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Open AccessArticle
Comparison of Calibration Approaches in Laser-Induced Breakdown Spectroscopy for Proximal Soil Sensing in Precision Agriculture
Sensors 2019, 19(23), 5244; https://doi.org/10.3390/s19235244 - 28 Nov 2019
Cited by 1
Abstract
The lack of soil data, which are relevant, reliable, affordable, immediately available, and sufficiently detailed, is still a significant challenge in precision agriculture. A promising technology for the spatial assessment of the distribution of chemical elements within fields, without sample preparation is laser-induced [...] Read more.
The lack of soil data, which are relevant, reliable, affordable, immediately available, and sufficiently detailed, is still a significant challenge in precision agriculture. A promising technology for the spatial assessment of the distribution of chemical elements within fields, without sample preparation is laser-induced breakdown spectroscopy (LIBS). Its advantages are contrasted by a strong matrix dependence of the LIBS signal which necessitates careful data evaluation. In this work, different calibration approaches for soil LIBS data are presented. The data were obtained from 139 soil samples collected on two neighboring agricultural fields in a quaternary landscape of northeast Germany with very variable soils. Reference analysis was carried out by inductively coupled plasma optical emission spectroscopy after wet digestion. The major nutrients Ca and Mg and the minor nutrient Fe were investigated. Three calibration strategies were compared. The first method was based on univariate calibration by standard addition using just one soil sample and applying the derived calibration model to the LIBS data of both fields. The second univariate model derived the calibration from the reference analytics of all samples from one field. The prediction is validated by LIBS data of the second field. The third method is a multivariate calibration approach based on partial least squares regression (PLSR). The LIBS spectra of the first field are used for training. Validation was carried out by 20-fold cross-validation using the LIBS data of the first field and independently on the second field data. The second univariate method yielded better calibration and prediction results compared to the first method, since matrix effects were better accounted for. PLSR did not strongly improve the prediction in comparison to the second univariate method. Full article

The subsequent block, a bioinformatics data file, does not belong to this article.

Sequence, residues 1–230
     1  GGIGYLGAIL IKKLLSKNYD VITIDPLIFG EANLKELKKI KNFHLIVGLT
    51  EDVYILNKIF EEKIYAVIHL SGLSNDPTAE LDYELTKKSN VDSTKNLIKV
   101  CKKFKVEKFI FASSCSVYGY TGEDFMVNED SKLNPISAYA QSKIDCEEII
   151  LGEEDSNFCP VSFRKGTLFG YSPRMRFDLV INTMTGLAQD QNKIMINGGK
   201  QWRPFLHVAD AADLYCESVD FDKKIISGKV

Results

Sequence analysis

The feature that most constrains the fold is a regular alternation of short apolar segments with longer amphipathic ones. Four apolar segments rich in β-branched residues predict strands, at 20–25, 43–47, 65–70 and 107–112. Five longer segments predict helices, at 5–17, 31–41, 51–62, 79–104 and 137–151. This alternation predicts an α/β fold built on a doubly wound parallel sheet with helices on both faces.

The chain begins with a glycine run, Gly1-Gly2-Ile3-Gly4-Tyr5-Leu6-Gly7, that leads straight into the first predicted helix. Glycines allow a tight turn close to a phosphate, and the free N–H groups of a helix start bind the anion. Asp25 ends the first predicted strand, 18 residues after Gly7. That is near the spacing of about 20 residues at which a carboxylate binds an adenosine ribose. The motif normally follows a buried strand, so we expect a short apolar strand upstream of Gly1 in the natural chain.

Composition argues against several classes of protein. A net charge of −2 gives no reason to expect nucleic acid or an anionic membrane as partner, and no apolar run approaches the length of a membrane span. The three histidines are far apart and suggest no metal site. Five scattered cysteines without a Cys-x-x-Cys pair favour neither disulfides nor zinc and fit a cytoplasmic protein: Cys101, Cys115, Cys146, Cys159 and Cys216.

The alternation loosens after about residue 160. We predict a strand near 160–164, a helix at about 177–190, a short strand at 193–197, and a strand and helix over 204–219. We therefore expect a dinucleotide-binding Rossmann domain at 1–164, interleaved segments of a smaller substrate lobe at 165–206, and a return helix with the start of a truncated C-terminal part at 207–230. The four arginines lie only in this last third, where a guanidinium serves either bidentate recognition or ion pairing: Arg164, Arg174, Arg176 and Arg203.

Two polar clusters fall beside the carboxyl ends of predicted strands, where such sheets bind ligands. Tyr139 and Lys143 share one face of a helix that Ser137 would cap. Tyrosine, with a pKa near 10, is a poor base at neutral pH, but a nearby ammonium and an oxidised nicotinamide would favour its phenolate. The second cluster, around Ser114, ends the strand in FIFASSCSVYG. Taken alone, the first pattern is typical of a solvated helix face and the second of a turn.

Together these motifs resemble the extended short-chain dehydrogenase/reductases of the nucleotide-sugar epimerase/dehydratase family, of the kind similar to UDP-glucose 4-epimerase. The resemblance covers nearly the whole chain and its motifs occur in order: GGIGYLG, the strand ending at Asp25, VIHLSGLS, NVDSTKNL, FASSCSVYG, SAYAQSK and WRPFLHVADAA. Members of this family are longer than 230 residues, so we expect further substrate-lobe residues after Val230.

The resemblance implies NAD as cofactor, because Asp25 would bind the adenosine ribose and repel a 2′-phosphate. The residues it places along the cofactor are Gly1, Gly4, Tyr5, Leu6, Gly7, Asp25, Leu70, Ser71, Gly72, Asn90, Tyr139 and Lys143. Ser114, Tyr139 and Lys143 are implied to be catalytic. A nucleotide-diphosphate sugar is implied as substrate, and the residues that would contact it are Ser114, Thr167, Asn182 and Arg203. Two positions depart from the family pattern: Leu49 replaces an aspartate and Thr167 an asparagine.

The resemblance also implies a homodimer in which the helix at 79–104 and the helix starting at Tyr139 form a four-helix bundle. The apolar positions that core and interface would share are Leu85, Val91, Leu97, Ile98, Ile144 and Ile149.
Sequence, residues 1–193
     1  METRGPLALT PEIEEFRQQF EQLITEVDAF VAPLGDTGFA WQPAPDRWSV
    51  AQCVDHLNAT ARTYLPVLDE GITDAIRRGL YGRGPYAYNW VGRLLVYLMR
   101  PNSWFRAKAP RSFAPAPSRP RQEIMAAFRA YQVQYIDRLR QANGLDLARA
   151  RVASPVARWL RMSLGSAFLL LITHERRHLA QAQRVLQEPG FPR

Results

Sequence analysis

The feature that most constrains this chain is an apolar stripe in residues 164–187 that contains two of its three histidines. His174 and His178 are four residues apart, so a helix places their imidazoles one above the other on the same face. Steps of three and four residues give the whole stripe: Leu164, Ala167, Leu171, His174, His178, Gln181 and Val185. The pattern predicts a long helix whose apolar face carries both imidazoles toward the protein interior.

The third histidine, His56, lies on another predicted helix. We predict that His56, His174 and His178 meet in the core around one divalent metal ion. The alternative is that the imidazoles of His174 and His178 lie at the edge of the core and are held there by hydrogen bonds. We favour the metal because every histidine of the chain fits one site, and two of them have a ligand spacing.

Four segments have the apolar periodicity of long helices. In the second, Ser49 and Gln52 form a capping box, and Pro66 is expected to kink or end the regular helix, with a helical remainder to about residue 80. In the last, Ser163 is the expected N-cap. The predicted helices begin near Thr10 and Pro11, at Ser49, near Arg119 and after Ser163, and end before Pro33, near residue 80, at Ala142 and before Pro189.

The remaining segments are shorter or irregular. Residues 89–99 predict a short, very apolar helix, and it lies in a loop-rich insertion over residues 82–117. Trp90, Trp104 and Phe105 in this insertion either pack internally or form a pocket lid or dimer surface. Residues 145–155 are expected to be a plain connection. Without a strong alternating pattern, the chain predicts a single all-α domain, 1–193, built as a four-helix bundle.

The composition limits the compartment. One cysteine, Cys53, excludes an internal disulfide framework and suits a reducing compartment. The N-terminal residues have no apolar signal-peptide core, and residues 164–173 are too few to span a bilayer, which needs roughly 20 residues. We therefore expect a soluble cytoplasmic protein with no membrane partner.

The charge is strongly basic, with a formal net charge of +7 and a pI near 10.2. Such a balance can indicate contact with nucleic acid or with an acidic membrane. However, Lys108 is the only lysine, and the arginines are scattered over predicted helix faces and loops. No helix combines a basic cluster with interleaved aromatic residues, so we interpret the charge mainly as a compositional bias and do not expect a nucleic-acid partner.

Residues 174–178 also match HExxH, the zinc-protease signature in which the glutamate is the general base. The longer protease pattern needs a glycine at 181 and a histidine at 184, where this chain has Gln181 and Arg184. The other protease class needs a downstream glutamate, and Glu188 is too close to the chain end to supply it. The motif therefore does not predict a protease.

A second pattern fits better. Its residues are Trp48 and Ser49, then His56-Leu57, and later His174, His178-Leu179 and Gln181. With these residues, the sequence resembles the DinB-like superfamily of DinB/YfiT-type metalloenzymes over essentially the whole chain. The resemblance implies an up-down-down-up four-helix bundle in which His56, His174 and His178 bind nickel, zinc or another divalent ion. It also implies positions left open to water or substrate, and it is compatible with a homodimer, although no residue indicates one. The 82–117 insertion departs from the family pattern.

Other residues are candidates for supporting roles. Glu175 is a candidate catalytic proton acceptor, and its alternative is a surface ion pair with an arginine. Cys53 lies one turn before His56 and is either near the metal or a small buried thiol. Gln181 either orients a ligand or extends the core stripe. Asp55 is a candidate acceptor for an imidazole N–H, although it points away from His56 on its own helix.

(This article belongs to the Special Issue Smart Sensing Technologies for Agriculture)
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Open AccessArticle
Simplifying Sample Preparation for Soil Fertility Analysis by X-ray Fluorescence Spectrometry
Sensors 2019, 19(23), 5066; https://doi.org/10.3390/s19235066 - 20 Nov 2019
Abstract
Portable X-ray fluorescence (pXRF) sensors allow one to collect digital data in a practical and environmentally friendly way, as a complementary method to traditional laboratory analyses. This work aimed to assess the performance of a pXRF sensor to predict exchangeable nutrients in soil [...] Read more.